“Justice can help end that cycle of violence. Look at the Truth Commissions in South Africa. They were not totally successful.

“Individuals guilty of violence against ordinary people were not prosecuted or judged by the people they had offended. Some families did receive an apology but they did not feel acquitted because the judgement was rendered not by the offended family but by the system itself.

“However, the changes in the political make-up of South Africa did make a difference. Yet if you look at the crime statistics there, you will realise there are still a lot of very angry people in that country.”

In the past Dr Fields, who is in Northern Ireland to deliver her lectures as part of the build up to the staging of Martin Lynch's new play, Chronicles of Long Kesh, which opens at the Waterfront Hall, Belfast, on Wednesday, has been a somewhat controversial figure in the province.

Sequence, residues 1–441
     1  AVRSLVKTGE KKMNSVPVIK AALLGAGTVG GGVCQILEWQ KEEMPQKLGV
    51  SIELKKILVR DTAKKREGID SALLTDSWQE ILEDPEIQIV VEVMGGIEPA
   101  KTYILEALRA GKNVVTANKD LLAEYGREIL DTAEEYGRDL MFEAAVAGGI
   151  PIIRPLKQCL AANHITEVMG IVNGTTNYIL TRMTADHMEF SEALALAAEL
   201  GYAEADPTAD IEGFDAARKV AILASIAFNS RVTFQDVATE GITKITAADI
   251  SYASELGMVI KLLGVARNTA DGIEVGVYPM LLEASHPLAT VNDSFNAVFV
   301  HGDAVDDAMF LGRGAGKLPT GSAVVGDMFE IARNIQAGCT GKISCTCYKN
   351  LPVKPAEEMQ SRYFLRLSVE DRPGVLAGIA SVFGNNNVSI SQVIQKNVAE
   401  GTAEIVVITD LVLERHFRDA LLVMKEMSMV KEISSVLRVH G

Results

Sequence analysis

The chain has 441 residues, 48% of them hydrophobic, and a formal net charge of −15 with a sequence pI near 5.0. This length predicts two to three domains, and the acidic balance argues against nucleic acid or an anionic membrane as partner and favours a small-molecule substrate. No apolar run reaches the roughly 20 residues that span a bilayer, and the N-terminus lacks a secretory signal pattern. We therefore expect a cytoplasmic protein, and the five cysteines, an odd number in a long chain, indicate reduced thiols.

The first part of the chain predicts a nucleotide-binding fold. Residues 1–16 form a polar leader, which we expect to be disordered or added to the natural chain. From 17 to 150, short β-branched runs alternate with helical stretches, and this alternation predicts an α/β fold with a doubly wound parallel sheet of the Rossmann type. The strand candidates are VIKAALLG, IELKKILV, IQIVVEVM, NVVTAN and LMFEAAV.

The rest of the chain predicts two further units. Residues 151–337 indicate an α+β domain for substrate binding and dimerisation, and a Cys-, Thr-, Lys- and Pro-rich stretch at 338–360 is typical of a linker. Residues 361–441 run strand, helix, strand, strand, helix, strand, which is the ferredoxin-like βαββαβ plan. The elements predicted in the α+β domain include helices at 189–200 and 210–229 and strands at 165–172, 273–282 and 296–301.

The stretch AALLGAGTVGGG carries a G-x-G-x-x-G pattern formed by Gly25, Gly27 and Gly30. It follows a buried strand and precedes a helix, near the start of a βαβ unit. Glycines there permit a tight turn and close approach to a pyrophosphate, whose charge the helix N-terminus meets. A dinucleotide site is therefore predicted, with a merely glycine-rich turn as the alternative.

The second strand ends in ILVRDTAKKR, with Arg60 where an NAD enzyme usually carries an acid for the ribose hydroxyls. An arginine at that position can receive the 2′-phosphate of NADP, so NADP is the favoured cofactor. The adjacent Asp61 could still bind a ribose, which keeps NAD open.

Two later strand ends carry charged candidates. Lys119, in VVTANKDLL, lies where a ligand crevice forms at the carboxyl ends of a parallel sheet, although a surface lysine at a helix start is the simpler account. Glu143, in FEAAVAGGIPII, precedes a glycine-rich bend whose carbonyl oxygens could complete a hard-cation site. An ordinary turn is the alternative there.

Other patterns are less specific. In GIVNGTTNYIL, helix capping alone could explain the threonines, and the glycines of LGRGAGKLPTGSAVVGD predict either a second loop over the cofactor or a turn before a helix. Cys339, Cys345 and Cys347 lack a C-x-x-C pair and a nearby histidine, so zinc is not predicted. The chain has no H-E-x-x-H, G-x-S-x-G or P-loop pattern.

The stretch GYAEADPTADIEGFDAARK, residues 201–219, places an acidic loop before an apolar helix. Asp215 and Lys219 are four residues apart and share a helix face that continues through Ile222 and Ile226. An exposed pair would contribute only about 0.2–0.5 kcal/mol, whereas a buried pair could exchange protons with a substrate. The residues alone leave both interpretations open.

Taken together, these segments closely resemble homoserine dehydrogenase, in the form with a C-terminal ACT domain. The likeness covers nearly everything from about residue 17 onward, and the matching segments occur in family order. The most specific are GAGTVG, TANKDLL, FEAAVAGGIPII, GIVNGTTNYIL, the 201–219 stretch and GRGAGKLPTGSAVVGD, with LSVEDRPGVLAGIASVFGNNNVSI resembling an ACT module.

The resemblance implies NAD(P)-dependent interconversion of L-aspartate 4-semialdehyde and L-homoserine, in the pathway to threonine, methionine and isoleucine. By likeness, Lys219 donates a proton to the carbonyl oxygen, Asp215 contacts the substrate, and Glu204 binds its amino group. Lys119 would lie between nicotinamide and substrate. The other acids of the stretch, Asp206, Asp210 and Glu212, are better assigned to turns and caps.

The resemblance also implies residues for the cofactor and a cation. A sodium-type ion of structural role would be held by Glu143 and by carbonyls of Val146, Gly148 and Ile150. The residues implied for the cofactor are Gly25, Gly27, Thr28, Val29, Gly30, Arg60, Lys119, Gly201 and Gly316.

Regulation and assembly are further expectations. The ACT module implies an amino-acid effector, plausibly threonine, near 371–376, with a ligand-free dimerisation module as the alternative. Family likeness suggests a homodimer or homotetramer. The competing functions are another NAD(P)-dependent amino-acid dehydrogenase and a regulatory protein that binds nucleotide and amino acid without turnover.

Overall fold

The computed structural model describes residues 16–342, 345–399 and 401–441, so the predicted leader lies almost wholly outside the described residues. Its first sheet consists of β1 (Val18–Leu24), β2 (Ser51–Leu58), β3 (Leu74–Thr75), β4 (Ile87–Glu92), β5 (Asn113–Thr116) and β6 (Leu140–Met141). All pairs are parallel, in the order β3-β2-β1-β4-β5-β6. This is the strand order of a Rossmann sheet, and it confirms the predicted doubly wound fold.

In 1973 her book Society On The Run was pulped after influential figures in Northern Ireland complained to the publishers that it would be damaging to community relations in the province.

She recalls: “I had gone into the Crumlin Road jail in Belfast to examine a couple of prisoners when I was detained and interrogated for a day. It was in-depth interrogation.

“The authorities took my briefcase which contained the manuscript for my book and that is how they knew what it contained. They wanted to remove significant parts of the book. Some copies were printed but most were shredded. I later published it in the US.”

She is hoping for a more welcoming stay this time. She |remembers carrying her own bath plug during one visit to Belfast because her landlady had removed the plug to stop her having a bath. She always seemed to end up with bronchial problems as a result of staying in drafty homes and moving about the city at night to interview people who had been released from prison.

Chronicles of Long Kesh by Martin Lynch runs at the Belfast Waterfront Studio from January 14-31. Booking 9033 4455